Woman testing her sugar to see if diabetes is affecting her hearing health.

It’s true, hearing loss can sneak up on you. But there are times when hearing problems suddenly pounce you like a cat instead of sneaking up on you. It could happen like this: you wake up, pull yourself out of bed, and perhaps you don’t notice until you finish showering but your hearing feels…off, or different Maybe muffled.

You just suspect that you got some water in your ears, but as the day continues, and there’s no difference, you begin to get a bit concerned.

It’s these moments when hearing loss seems to attack suddenly, as if out of nowhere, that it’s a good plan to get some medical attention. That’s because sudden hearing loss can frequently be a symptom of a larger problem. It might be a simple matter of an obstruction in your ear. Perhaps some earwax.

But sudden hearing loss can also be a sign of diabetes.

Diabetes – What is it?

If you don’t immediately identify the connection between hearing loss and diabetes that would be understandable. Your pancreas seems pretty far away from your ears.

With type 2 diabetes, sugars in your body aren’t properly broken down and converted into energy. This happens because your body either isn’t making enough insulin or it’s not responding to the insulin that you do produce. That’s why treatments for diabetes usually entail injections or infusions of insulin.

What is The Link Between Diabetes And Hearing?

Diabetes is a common complex condition which can often be degenerative. It needs to be handled carefully, usually with the help of your doctor. So how is that related to your hearing?

Believe it or not, a fairly common sign of type 2 diabetes is sudden hearing loss. Collateral damage to other areas of the body is common with diabetes which frequently has an impact on blood vessels and nerves. These precise changes have a powerful impact on the delicate hairs in your ears responsible for your hearing (called stereocilia). So you might experience sudden hearing loss even before other, more traditional symptoms of diabetes appear (numb toes, for example).

Is There Anything I Can Do?

If you’re in this scenario, and your hearing has suddenly begun giving you trouble, you’ll certainly want to get examined by a medical professional. Diabetes, for example, will frequently be totally symptomless initially, so you may not even recognize you have it until you begin to notice some of these warning signs.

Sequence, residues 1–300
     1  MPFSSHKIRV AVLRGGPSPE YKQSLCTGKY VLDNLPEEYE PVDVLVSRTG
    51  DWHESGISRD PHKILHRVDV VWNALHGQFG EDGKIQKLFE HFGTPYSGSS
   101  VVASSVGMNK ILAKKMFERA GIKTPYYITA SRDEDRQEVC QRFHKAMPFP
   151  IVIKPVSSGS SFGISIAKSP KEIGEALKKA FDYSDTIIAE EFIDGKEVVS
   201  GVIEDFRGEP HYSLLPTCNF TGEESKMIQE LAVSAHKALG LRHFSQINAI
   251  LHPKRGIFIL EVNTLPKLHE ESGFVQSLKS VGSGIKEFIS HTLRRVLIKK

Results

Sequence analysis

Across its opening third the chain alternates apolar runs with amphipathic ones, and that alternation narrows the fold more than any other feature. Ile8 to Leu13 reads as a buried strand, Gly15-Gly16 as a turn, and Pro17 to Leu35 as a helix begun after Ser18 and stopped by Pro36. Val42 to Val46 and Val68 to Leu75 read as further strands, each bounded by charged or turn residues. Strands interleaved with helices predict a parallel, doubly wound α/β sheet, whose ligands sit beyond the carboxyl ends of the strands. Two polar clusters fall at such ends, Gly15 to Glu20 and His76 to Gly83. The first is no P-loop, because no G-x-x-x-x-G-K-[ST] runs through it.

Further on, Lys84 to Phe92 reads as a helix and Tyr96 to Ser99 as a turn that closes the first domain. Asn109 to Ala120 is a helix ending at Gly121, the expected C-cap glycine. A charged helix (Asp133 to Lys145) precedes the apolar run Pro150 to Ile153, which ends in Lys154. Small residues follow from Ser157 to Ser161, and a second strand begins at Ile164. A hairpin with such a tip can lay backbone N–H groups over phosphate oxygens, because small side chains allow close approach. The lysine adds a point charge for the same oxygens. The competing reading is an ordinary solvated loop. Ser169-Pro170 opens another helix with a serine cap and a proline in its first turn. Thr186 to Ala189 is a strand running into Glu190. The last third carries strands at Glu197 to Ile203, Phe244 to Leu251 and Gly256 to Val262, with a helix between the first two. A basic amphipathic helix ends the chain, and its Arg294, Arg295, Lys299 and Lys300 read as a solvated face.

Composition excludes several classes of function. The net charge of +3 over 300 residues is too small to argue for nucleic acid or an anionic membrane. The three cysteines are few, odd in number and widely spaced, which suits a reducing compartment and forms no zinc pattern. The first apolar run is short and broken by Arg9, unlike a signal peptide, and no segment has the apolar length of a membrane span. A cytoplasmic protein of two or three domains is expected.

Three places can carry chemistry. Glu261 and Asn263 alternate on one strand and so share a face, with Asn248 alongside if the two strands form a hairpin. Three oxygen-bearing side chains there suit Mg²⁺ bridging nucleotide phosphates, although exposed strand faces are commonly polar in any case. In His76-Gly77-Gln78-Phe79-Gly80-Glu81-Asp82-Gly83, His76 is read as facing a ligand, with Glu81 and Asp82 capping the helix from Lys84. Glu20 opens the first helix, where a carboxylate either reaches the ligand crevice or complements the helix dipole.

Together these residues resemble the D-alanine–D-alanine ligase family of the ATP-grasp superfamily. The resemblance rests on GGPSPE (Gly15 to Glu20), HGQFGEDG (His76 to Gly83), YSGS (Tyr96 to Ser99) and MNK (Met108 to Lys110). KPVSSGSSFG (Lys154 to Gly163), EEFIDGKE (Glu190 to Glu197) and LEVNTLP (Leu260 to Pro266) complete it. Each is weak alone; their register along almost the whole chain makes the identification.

Getting help as soon as possible will give you the largest number of possibilities, as is the situation for most types of hearing loss. But you should watch for more than just diabetes. Sudden hearing loss can also be caused by:

  • Earwax buildup or other obstructions.
  • Tissue growth in the ear.
  • Problems with blood circulation (sometimes the consequence of other issues like diabetes).
  • Issues with your blood pressure.
  • Autoimmune diseases.
  • Infections of various types.

Without an appropriate medical diagnosis, it can be difficult to figure out what’s causing your sudden hearing loss and how to handle the underlying symptoms.

Treatment Options For Sudden Hearing Loss

Here’s the good news, whether your sudden hearing loss is brought on by diabetes or infection (or any of these other issues), successful management of the underlying cause will often bring your hearing back to healthy levels if you recognize it early. If you promptly address the problem, your hearing is likely to return to normal once the blockage is removed, or in the case of diabetes, once you address the circulation problems.

But quick and effective management is the key here. If they are not treated in time, some conditions, including diabetes, will lead to permanent harm to your hearing. So it’s essential that you seek out medical treatment as quickly as you can, and if you’re suffering from hearing loss get that treated.

Keep an Eye on Your Ears

If you undergo regular hearing screenings, sudden hearing loss could be easier to identify and you may stop it from sneaking up on you by catching it sooner. These screenings can normally uncover specific hearing issues before they become obvious to you.

Diabetes and hearing loss have one other thing in common: the sooner you get treatment, the better. Untreated hearing loss can produce other health concerns such as loss of cognitive function. Schedule an appointment with us for a hearing test right away.

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The site information is for educational and informational purposes only and does not constitute medical advice. To receive personalized advice or treatment, schedule an appointment.